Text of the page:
Sulfites, also known as sulfur dioxide (SO2) are preservatives that have been used in winemaking for a long time, as they help preserve it, delaying the natural oxidation of wine and the appearance of bacteria. But what are sulfites?
Sulfites in food are more common than it seems, since they are a very active preservative, which usually appears in preserves in the form of sulfurous acid (E220), sodium sulfite (E221), sodium disulfite (E223) or calcium sulphite (E25).
However, sulfites can also appear naturally in some foods, especially those that go through a natural fermentation process. During fermentation, bacteria oxidize the sulfur naturally contained in some foods, such as some sweet fruits – peaches or plums – ginger or cabbage, which are fermented to make sauerkraut. Sulphites in wine are, to some extent, a natural occurrence, as they are a by-product generated by yeast during fermentation.
The amount of sulphites in wine, even those to which they are added artificially, is really low. The WHO (World Health Organization) itself has indicated that these additives are safe for consumption. However, the laws of wine-producing countries limit the use of sulfites in wine to prevent users from developing allergies to wine or health problems resulting from the intake of these additives and require that it contain the label “contains sulfites” as long as it contains them.
Many wineries have opted for the production of organic wine, suitable for consumption by all types of users and from a form of agriculture without chemicals. Wines without sulphites or with a really low quantity are also produced, thanks to the higher quality of these grapes.
Are sulfites bad for health?
Sulfur dioxide and sulfites such as sulfur dioxide are toxic substances for human consumption. Sulfur is a mineral of volcanic origin, so it is dangerous for consumption. However, as components of wine, sulfites are so low in concentration that they pose no real health hazard.
However, the large wineries have adopted a policy of making safe and organic products, as healthy as possible for consumption, which is why many have decided to completely eliminate their use, by using other healthier preservatives or with the application of new scientific techniques used in winemaking.
Sulphites and side effects on the body
According to the World Health Organization, the Acceptable Daily Dose (DDA) of sulfites is between 0.35 to 1.50 mg/day per kg of consumer weight. As an average value, the WHO indicates that 0.7 mg/day per kilogram of weight should not be exceeded.
Various organizations have conducted studies on the effects of sulfites on the body of humans and animals, with which they have been able to measure certain toxicity parameters, as well as a tendency to develop allergy to sulfites, as well as other negative effects.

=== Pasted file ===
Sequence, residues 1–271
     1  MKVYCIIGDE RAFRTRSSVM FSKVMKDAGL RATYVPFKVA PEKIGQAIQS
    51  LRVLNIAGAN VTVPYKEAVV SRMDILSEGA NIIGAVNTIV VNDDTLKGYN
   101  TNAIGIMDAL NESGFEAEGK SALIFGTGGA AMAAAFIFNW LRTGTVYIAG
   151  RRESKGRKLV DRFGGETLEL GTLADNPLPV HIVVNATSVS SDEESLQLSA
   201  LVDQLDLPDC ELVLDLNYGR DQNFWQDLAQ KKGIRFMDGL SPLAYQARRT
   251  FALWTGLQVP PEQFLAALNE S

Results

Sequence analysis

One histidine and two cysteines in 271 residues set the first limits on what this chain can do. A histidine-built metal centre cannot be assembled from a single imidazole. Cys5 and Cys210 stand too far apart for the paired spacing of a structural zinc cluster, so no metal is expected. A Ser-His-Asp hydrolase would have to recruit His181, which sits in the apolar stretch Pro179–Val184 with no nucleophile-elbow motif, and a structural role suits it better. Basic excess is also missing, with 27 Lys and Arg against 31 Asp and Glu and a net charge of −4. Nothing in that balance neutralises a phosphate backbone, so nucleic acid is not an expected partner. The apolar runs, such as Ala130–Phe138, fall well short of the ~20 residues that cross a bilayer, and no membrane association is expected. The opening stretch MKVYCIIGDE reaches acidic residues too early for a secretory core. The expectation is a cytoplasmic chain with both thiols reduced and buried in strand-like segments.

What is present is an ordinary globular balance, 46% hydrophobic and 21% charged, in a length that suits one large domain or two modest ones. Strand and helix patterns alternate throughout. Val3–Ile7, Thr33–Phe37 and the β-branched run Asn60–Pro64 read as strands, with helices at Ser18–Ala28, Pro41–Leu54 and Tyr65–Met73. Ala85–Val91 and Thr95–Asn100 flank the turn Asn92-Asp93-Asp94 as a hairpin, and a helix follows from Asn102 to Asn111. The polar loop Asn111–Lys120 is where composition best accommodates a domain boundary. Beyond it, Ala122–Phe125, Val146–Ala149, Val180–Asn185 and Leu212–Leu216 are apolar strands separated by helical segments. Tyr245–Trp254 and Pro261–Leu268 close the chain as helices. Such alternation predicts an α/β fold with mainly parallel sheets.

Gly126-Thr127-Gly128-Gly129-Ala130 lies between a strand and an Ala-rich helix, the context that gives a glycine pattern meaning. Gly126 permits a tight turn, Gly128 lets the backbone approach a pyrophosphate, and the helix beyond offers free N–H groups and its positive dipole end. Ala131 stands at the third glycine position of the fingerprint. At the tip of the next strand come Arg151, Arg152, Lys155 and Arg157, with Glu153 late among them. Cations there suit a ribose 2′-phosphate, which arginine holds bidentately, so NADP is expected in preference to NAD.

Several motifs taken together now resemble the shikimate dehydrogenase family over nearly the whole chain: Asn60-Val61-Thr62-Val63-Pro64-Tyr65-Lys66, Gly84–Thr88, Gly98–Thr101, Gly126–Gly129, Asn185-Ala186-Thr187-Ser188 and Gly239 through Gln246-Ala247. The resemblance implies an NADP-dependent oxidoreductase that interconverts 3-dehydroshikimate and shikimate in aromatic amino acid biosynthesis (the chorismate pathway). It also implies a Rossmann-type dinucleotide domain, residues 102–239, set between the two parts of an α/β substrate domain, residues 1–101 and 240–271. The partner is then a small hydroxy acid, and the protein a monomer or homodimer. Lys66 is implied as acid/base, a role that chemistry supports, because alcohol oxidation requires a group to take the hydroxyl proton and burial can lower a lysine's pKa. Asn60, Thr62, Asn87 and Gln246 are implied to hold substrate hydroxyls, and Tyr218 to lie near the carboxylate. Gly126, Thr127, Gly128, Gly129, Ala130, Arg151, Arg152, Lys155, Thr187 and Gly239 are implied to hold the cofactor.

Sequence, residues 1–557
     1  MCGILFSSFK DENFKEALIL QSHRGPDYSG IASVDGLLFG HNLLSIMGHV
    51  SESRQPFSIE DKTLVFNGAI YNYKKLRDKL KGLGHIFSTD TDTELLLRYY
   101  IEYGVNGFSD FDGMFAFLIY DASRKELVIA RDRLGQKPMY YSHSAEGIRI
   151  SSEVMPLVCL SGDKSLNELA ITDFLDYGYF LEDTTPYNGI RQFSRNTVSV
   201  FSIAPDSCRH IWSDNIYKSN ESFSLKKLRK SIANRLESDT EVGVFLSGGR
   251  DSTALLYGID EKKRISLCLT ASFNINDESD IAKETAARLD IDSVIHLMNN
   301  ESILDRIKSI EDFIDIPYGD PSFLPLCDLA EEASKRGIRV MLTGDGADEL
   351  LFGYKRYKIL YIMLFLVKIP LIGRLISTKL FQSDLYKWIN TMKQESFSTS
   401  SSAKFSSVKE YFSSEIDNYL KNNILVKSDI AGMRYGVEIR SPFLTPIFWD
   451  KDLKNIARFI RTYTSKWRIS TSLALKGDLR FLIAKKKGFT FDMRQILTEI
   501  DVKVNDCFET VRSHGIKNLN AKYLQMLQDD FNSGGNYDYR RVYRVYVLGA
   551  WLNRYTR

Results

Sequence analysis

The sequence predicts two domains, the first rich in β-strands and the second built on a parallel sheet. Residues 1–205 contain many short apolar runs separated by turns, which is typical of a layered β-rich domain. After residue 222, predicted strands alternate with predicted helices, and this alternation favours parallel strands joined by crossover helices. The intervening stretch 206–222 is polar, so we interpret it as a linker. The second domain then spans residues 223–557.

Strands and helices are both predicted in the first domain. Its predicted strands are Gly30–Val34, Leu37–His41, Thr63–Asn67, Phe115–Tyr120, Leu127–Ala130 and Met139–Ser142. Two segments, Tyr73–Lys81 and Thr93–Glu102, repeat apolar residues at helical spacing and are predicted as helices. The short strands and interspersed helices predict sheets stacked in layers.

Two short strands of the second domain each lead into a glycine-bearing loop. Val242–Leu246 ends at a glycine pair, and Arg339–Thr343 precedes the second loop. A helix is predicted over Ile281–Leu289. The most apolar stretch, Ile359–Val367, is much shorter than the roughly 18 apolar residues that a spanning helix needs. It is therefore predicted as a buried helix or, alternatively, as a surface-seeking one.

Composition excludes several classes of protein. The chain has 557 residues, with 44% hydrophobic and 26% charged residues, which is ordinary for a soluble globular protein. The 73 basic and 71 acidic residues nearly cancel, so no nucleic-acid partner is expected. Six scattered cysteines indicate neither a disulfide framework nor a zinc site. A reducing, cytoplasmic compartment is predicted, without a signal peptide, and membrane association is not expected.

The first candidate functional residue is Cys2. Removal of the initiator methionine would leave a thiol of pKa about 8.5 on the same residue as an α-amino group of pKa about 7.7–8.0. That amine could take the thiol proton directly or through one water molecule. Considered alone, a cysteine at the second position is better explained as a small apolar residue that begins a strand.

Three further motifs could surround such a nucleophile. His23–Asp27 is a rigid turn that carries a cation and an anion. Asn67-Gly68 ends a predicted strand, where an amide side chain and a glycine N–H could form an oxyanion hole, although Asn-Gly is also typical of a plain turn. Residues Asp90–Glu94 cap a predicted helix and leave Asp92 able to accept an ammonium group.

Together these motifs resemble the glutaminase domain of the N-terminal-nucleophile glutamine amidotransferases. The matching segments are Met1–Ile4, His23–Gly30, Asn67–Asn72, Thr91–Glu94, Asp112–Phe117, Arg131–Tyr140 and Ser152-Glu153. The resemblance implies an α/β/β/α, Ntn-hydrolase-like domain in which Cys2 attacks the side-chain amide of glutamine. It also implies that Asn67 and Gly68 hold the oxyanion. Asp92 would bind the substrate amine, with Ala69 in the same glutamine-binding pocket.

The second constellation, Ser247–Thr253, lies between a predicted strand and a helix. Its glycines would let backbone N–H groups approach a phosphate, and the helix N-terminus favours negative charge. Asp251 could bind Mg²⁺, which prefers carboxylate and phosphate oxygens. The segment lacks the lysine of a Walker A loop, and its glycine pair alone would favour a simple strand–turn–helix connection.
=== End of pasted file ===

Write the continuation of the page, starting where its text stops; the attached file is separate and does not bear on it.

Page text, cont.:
In adults —from the age of 18—, the first symptoms of intoxication are seen only when the doses of sulfites ingested are very high, from 4 grams per kilogram ingested at one time, although in people who are especially sensitive or allergic, the effects will begin to be noticed at lower amounts. The effects of intoxication are shown as gastric irritation, vomiting and a feeling of continuous nausea. Allergies to sulfites also commonly appear in people with asthma disorders.
How many glasses of wine are toxic?
The level of toxicity in the intake of sulfites in adults, weighing between 60 and 80 kg, is between 42 and 56 mg per day. This means that, in the doses approved by current legislation, more than half a bottle of wine should be consumed daily continuously for the amount of sulphites consumed to be toxic. However, consumption of more than 3 glasses of wine per day could begin to generate high levels of toxicity.
The toxicity of sulfites in the human body is due to the fact that they destroy vitamin B1. One way to avoid the toxicity of sulfites would be to consume foods with a high content of Thiamin (vitamin B1) such as pork, cheese, mussels, lentils or fish.
Do organic wines have sulfites?
The answer is yes. Sulphite-free wines and organic wines also contain sulphites, although in this case they are natural sulphites. In these wines, they are present in the grape and are released during fermentation, their concentration is so low that it is negligible for manufacturers, so these wines can continue to display the “Sulphite Free” label.
Ecological, organic and natural wines cannot be completely free of sulphites or preservatives such as potassium sulphite, since the natural yeasts of the grape, at the beginning of the alcoholic fermentation process of the must, are capable of producing up to 100 mg of sulphites (sulfur dioxide) per liter.
As it is impossible to get rid of that part of sulphites, the regulations of the European Community on Organic Wines allow the use of sulfur dioxide as an additive, although its concentration in these wines is much lower than that found in industrial or traditional wines..
Now that you know what sulfites are in wine and how they affect your health, you can now enjoy a glass of good broth without fear of toxicity. And, if you prefer, you can always opt for a sulphite-free organic wine.